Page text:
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Source: Australian Trade and Investment Commission – Austrade

02 Oct 2020

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Divya Skene

The global health crisis has heavily impacted Australia’s services exports, but there are important areas of strength to build upon.
COVID has introduced a threat to travel and transport exports from Australia – and accelerated digital adoption across the globe. This changing external environment is the backdrop to a period of transformation for services exports sold from Australia.
However there is an under-discussed component of Australia’s services exports – the activity of Australia’s foreign affiliates. With the release of ABS data on Australian Outward Foreign Affiliates [i] data last month we can, for the first time in 16 years, see the complete picture of Australia’s services exports. [ii]
Australia’s foreign affiliates are a source of stability and dynamism for the services sector as it aims to strengthen its international engagement during and beyond the pandemic.
The COVID challenge to services exports
The COVID pandemic has impacted heavily on Australia’s services exports. 
As a large continent, located at a distance from major world economic hubs, and attracting many international visitors, a large share of services exports by Australian residents (72 per cent of Australia’s AU$102 billion) are from the travel and transport sectors, and these have been severely impacted by the pandemic. [iii]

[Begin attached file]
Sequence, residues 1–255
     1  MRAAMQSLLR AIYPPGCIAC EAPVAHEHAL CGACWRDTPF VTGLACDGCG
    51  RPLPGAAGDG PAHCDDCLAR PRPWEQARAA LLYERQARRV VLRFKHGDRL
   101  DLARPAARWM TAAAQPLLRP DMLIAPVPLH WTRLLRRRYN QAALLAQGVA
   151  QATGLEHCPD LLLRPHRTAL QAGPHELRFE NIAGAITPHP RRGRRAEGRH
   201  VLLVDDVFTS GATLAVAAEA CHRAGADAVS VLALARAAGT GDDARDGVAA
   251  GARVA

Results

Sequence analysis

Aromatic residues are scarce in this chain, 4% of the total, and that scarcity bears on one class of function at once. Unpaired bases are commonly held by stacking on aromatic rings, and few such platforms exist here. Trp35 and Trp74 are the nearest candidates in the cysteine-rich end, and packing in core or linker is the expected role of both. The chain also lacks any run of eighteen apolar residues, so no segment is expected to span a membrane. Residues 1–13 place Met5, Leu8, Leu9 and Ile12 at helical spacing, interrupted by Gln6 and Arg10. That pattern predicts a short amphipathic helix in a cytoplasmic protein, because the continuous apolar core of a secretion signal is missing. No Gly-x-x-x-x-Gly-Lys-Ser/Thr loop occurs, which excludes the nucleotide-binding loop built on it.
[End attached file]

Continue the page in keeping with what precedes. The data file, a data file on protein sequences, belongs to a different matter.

The pandemic has also accelerated the adoption of digital technologies by businesses and consumers. This COVID-driven acceleration is additional challenge to our remaining services exports from Australia – termed here as Other Services.
The Other services segment accounts for a smaller proportion of services exports than Travel and Transport combined – just 27% in 2019.  Unlike travel and transport categories that rely on face-to-face interaction, a large share of Other services can be digitised and potentially delivered by any foreign market empowered by digital platforms. The pandemic has heightened speculation around greater global outsourcing of Oher Services – what we consider to be knowledge-intensive work.[iv]
June quarter export data confirms the disruption to services export categories Travel and Transport, as a result of the COVID-2019 pandemic.
Travel & Transport vs Other Services Exports

Source: ABS (2020) Balance of Payments, original data
Australia’s Other services exports have shown resilience in recent years, perhaps taking advantage of digitisation. In fact June quarter data that covers the initial period of COVID disruption shows Other services sold from Australia grew by 4% over the previous quarter, and by 4% compared to June quarter 2019.
A COVID opportunity – leveraging global integration of scale
Data released last month sheds light on ‘‘hidden’ exports of services, or the sale of services to foreigners by Australian affiliates based overseas.
This data (irregularly collected), shows a large share of Australian services sales in 2018-19 occured via Australia’s “foreign affiliates” – i.e. Australian majority owned subsidiaries, branches and joint ventures that are resident overseas.
Australian affiliates sold $89bn in services in 2018-19 from their overseas bases. This is just short of the total value of services sold from an Australian base, in that year ($97bn in 2018-2019), and means affiliates count for around 48% of Australia’s total services exports of $185bn.[v]
Australian services exports in 2018-2019

Sources: ABS (2020) International Trade: Supplementary Information, Financial Year, Table 3; ABS (2020) Australian Outward Foreign Affiliates Trade; and Economic Insights, Data & Evaluation team’s calculations.
Affiliates offer the services sector a ‘COVID’ opportunity for a number of reasons.